Technology Listings


Q-SCAn: Software to Quantitatively Measure Subcellular Distribution of Proteins

Application

Software that measures the subcellular distribution of proteins, termed Quantitative Subcellular Compartmentalization Analysis, or Q-SCAn.

Key Benefits
  • Provides a quantitative measurement of target molecules in subcellular compartments.
  • Method is rapid and automated and improves subcellular measurements.
  • Other methods have not been extensively developed and existing methods are generally laborious and/or subjective.
Technical Summary

In eukaryotes, there are many significant examples of proteins that are localized in distinct subcellular compartments such as the pathway responsible for repairing base damage in the nucleus and mitochondria. Tools to measure the subcellular distribution of a specific protein have not been extensively developed, and existing methods are generally laborious, subjective, or both. To address this issue, Emory researchers developed a rapid and automated software method, termed Quantitative Subcellular Compartmentalization Analysis (Q-SCAn), to measure these distributions quantitatively that works within the capabilities and functions of an external open-source program called CellProfiler. Specifically, the method allows for individual subcellular compartments to be defined using fluorescence micrographs with a specific marker, then the intensity of a target, fluorescently-tagged protein can be quantified within each compartment. Q-SCAn has been validated via examination of subcellular localization of various proteins and localization mutants. These findings demonstrate that Q-SCAn is a functional and flexible method for measuring subcellular protein distribution.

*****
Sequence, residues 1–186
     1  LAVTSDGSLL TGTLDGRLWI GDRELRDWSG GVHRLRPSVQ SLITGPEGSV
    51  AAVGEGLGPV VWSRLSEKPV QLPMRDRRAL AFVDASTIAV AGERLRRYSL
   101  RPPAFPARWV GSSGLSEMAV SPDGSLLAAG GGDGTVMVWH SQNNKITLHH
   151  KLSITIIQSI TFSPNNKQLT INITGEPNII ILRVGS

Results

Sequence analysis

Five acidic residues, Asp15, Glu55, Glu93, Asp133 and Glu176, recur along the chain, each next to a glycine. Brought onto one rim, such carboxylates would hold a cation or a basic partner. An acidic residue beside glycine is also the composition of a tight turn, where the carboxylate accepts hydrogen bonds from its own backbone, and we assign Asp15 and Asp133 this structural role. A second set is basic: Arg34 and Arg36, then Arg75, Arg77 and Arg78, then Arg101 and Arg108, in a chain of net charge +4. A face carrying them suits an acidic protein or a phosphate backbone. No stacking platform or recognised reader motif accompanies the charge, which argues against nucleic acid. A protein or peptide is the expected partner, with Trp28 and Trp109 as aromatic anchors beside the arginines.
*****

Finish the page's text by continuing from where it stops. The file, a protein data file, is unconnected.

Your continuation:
Developmental Stage

Method has been developed for and implemented in the open-source software package, CellProfiler, maintained by the Broad Institute.

Patent Information
Tech ID: 13149
Published: 8/15/2013
Category
Research Tools

Contact
Cliff Michaels
Assistant Director
Emory University
404-727-3890
ccmicha@emory.edu

Inventor(s)
Nicholas Bauer
Anita Corbett
Paul Doetsch

Keywords
Enzyme/Protein